The National Academies released a new consensus report on December 19, 2019, and the Federal Drug Administration (FDA) released an announcement the same day communicating their intention to “develop the evidence” for a new practice guideline for the treatment of acute pain.
This announcement comes on the heels of an ongoing public health disaster that the Centers for Disease Control & Prevention (CDC) caused by implementing recommendations from the National Academy of Medicine and ignoring dissenting specialists in the field, and that the Drug Enforcement Agency (DEA) has perpetuated via SWAT-style raids on doctor’s offices across the country.
The National Academies
There are three bodies under the National Academies:
- The National Academy of Engineering (NAE)
- The National Academy of Sciences (NAS)
- The National Academy of Medicine (NAM)
All of these bodies are non-governmental organizations (NGOs) and they’re responsible for providing advice to the federal government in regard to science and technology, among other important topics. It may be of import to note that the National Academies were exempted from the bulk of the Federal Advisory Committee Act of 1972 (FACA). They say, to ensure their autonomy.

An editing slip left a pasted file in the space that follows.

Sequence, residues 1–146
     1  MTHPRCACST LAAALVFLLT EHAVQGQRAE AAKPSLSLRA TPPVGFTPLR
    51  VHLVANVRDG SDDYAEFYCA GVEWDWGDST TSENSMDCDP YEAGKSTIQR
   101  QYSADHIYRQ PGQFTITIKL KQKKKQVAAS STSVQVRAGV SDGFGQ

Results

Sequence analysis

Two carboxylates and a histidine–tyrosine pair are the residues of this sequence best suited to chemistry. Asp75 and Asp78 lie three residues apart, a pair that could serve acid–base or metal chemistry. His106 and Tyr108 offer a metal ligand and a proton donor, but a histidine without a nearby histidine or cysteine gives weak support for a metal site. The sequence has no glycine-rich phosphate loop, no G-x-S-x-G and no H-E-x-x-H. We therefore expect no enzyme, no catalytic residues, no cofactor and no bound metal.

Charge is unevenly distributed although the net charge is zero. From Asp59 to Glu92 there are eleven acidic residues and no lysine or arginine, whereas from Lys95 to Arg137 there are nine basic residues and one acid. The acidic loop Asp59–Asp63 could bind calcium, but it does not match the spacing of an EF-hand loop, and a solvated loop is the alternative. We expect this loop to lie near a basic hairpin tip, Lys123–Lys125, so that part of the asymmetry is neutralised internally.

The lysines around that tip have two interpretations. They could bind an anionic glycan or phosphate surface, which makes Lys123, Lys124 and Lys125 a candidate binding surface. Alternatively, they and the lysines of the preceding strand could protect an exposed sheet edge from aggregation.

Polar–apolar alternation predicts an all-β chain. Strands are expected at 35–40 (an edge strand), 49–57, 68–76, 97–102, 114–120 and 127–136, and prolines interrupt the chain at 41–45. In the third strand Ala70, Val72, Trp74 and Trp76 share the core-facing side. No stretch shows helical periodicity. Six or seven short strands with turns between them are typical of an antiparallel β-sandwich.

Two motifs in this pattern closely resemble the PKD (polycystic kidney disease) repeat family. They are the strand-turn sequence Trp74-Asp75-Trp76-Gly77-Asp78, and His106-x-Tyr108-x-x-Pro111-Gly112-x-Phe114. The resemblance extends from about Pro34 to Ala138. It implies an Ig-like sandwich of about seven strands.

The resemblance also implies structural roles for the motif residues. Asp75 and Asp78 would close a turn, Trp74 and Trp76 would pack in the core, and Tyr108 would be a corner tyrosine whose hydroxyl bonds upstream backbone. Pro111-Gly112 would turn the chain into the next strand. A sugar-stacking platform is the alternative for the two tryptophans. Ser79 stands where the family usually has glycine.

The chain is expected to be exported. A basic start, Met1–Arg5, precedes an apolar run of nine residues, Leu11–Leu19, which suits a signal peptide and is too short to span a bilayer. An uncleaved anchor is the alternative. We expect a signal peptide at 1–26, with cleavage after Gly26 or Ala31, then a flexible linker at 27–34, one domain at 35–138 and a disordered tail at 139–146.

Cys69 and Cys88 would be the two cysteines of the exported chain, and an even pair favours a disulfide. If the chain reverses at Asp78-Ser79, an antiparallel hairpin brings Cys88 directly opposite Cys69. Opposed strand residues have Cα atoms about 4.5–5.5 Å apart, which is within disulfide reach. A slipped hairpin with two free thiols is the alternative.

The Federal Advisory Committee Act
FACA is an important piece of legislation that governs how advisory committees operate. The purpose of the legislation was to provide transparency in federal rule-making based on advisory committees’ recommendations. In 1997, amendments were passed to the law, which exempted the National Academies from many of FACA’s requirements.
The Recommendations and the Public Relations Campaign That Shaped a National Crisis
The Institute of Medicine (IOM) (which was recently renamed to the National Academy of Medicine or NAM) released a torrent of studies in the early 2010s with recommendations to public health agencies to undertake a couple of massive public health projects, including the development of the National Pain Strategy (NPS) and the CDC Guideline.
The National Pain Strategy & The CDC Guideline
To ensure that a federal pain strategy was implemented nationwide, the NAM released the report Relieving Pain in America (2011) and its recommendations are the foundation of the NPS. The report Living Well with Chronic Illness (2012), on the other hand, was largely the catalyst to the controversial CDC Guideline, which was based on recommendations the IOM made in this subsequent report. The CDC Guideline is the tool necessary to make the provisions of the NPS a national reality. It’s important to note here that there was no “opioid crisis” at the time the National Pain Strategy was commissioned (the CDC Guideline included). In fact, a curious statement can be found in some of the first pages of the NPS: